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Author Interviews
4:53 pm
Sun November 10, 2013

How Cynthia Rylant Discovered The Poetry Of Storytelling

Courtesy of Beach Lane Books

Originally published on Sun November 10, 2013 6:58 pm

Cynthia Rylant is a renowned author who has written for all age groups and been honored with both Caldecott and Newbery prizes for her work.

Her latest book, God Got a Dog, is a collection of poems that only took her one day to write.

"One poem ... just came out of the blue, and I sat down and I wrote it. And then after I finished writing it, I got an idea for another God poem, and so I wrote that one. And so it started in the morning and then by the end of the day, I was finished writing the book," she tells All Things Considered host Arun Rath.

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Author Interviews
4:53 pm
Sun November 10, 2013

A Panorama Of Devastation: Drawing Of WWI Battle Spans 24 Feet

Detail from Plate 11 of Joe Sacco's The Great War: July 1, 1916: The First Day of the Battle of the Somme. On July 1st, at precisely 7:30 a.m., the attack commences.
Joe Sacco Courtesy of W. W. Norton & Company

Originally published on Sun November 10, 2013 6:58 pm

Joe Sacco is a cartoonist, graphic novelist and journalist; he's best-known for his dispatches from today's regions of conflict, like the Middle East and Bosnia, in cartoon form. But for his latest book, The Great War, Sacco turns his eye on history. He's recreated of one of the worst battles of World War I, the first day of the Battle of the Somme, from its hopeful beginning to its brutal end.

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NPR Story
4:53 pm
Sun November 10, 2013

Randi Zuckerberg On Women In Tech: It's 'Complicated'

Originally published on Wed November 13, 2013 3:38 pm

Transcript

ARUN RATH, HOST:

Twitter became a publicly traded company this week amid some fanfare. There's been criticism along with the celebration, though. Among other things, it's hard to ignore that Twitter has no women on its board and only one among its executive officers.

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The Two-Way
4:36 pm
Sun November 10, 2013

Malala Yousafzai's Book Is Banned In Pakistani Private Schools

Malala Yousafzai's book, I Am Malala, has been banned in private schools across Pakistan.
Christopher Furlong Getty Images

Originally published on Mon November 11, 2013 2:50 pm

An organization representing 40,000 private schools in Pakistan says it has decided to ban I Am Malala, a memoir written by Malala Yousafzai, the teenager shot by the Taliban for promoting the education of girls.

The Associated Press spoke to Adeeb Javedani, president of the All Pakistan Private Schools Management Association, who said Malala was "representing the West, not us."

The AP adds:

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Shots - Health News
3:07 pm
Sun November 10, 2013

Why Can't Ted Stay Out Of The Emergency Room?

A nurse's phone call at the right time can prevent a trip to the ER.
W. Steve Shepard Jr. iStockphoto.com

Originally published on Tue November 12, 2013 8:14 am

A 40-something patient I'll call Ted has a list of conditions that would have tongue-tied Carl Sagan. Even though I see Ted in my clinic every month, he still winds up visiting the emergency room 20 times per year.

Yes, 20.

Before he became my patient, he went even more frequently. So, the current situation, bad as it may be, represents halting progress.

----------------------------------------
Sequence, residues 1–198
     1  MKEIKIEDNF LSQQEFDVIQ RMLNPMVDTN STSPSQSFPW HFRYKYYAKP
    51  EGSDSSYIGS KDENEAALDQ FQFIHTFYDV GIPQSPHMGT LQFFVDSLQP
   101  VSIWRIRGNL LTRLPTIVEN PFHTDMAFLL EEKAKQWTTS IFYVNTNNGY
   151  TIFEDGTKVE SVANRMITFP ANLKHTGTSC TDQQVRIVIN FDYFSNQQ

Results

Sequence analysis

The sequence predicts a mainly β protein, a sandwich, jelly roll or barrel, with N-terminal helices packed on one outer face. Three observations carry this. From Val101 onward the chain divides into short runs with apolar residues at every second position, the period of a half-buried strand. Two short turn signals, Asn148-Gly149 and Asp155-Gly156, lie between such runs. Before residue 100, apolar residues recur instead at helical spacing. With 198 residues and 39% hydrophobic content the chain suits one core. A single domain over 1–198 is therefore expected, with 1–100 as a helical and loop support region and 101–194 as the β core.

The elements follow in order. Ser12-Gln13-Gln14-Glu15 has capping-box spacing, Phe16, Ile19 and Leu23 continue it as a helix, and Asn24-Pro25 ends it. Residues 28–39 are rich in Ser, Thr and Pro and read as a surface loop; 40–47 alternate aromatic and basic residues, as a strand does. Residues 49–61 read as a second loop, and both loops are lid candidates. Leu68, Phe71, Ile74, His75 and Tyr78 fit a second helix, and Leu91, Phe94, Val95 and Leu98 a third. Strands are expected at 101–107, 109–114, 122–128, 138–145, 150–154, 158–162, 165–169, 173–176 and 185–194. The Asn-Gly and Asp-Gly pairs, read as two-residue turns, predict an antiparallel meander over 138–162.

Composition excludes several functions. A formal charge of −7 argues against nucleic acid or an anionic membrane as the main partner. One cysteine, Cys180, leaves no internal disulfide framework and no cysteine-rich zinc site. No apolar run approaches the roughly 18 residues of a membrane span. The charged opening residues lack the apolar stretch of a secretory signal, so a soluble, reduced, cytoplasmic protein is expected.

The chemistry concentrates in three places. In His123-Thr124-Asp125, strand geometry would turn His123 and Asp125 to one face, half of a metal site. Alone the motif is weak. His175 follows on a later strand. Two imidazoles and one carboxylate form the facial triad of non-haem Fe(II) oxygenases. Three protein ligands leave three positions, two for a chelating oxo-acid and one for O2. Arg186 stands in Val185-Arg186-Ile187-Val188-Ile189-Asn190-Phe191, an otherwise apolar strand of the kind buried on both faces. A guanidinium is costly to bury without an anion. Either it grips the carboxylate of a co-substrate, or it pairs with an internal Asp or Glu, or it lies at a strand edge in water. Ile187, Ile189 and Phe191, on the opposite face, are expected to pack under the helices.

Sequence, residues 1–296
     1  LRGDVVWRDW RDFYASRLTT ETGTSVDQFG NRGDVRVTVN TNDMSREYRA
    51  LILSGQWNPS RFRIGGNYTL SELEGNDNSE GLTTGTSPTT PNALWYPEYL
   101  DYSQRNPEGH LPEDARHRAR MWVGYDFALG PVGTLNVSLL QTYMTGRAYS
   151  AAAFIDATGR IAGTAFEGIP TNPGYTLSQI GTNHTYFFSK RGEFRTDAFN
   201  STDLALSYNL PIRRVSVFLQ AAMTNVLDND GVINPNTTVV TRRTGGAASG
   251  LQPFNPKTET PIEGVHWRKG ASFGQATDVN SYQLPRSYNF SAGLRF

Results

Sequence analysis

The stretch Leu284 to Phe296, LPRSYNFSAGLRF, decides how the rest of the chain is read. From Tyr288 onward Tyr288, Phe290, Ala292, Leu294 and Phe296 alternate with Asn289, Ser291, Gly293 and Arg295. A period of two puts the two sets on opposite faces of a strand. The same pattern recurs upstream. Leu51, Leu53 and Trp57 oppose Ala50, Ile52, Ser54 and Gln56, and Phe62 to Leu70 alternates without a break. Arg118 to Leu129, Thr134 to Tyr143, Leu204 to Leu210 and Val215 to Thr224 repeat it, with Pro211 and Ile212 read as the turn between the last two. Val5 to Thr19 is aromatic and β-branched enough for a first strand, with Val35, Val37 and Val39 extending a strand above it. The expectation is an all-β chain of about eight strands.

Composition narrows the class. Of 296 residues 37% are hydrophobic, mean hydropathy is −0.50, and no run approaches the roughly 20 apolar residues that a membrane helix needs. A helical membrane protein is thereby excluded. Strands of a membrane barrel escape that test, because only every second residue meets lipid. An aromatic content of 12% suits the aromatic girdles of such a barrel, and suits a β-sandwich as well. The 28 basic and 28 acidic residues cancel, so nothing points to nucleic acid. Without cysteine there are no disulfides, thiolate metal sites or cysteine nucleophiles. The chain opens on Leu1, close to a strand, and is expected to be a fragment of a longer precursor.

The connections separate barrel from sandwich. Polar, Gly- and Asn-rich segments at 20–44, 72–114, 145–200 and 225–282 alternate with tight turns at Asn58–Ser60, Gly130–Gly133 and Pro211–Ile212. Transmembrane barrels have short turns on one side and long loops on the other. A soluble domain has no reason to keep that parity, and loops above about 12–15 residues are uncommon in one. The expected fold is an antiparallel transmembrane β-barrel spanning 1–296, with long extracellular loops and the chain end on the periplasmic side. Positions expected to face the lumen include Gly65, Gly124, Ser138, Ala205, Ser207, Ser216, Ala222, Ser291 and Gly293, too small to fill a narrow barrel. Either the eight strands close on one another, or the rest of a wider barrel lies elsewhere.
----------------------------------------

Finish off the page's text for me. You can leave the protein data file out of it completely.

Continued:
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The Two-Way
2:06 pm
Sun November 10, 2013

Incognito: 'My Actions Were Coming From A Place Of Love'

Miami Dolphins guard Richie Incognito (left) and tackle Jonathan Martin on the field during an NFL football practice in Davie, Fla., in July.
Lynne Sladky AP

Originally published on Sun November 10, 2013 2:57 pm

In his first interview since the Miami Dolphins suspended him, Richie Incognito says his words to Jonathan Martin sound harsh, but that's not the way he meant them.

"My actions were coming from a place of love," he told Fox NFL Sunday. "No matter how bad and how vulgar it sounds, that's how we communicate, that's how our friendship was, and those are the facts and that's what I'm accountable for."

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Asia
12:54 pm
Sun November 10, 2013

Dispatch From One Of The Philippines' Hardest-Hit Areas In

Transcript

(SOUNDBITE OF MUSIC)

RACHEL MARTIN, HOST:

This is WEEKEND EDITION from NPR News. I'm Rachel Martin.

Typhoon Haiyan swept to the Philippines with nearly 200 mile per hour winds. Thousands are now feared dead. Save the Children's Lynette Lim was in one of the hardest-hit areas, Tacloban City, this morning. She joins us now from the capital, Manila. Thanks so much for being with us.

LYNETTE LIM: Not problem.

MARTIN: So describe what you saw. How were conditions in Tacloban City when you left this morning?

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The Two-Way
11:54 am
Sun November 10, 2013

Doctors OK Return Of Argentine President Cristina Fernández

Argentine President Cristina Fernández de Kirchner.
Getty Images

Originally published on Sun November 10, 2013 1:30 pm

A month after undergoing surgery for a blood clot in her brain, Argentine President Cristina Fernández de Kirchner has received the OK from doctors to return to some presidential duties on Monday.

Reuters reports:

"Fernandez was given the go-ahead after tests on Friday night, but would not be allowed to travel by airplane for the next 30 days, government spokesman Alfredo Scoccimarro said.

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The Two-Way
10:14 am
Sun November 10, 2013

Oops! Minnesota Wins Rivalry Trophy, Then Breaks It

Minnesota Players carry an intact Governor's Victory Bell trophy after defeating Penn State 24-10 in an NCAA college football game in Minneapolis on Saturday.
Ann Heisenfelt AP

It started off great: Minnesota won its fourth consecutive Big Ten game for the first time in 40 years when it beat Penn State 24-10 on Saturday.

Then, they were handed the Governor's Victory Bell trophy and they were so excited, they broke it. Oops.

Via SB Nation here's a gif of the moment:

ESPN says the Gopher's 8-2 season is the Big Ten's surprise this year. They explain:

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The Two-Way
9:05 am
Sun November 10, 2013

2 Dead, 22 Injured In Houston-Area Party Shooting

Originally published on Sun November 10, 2013 6:32 pm

Two people were killed and 22 people were injured late Saturday near Houston when gunfire erupted at a birthday party.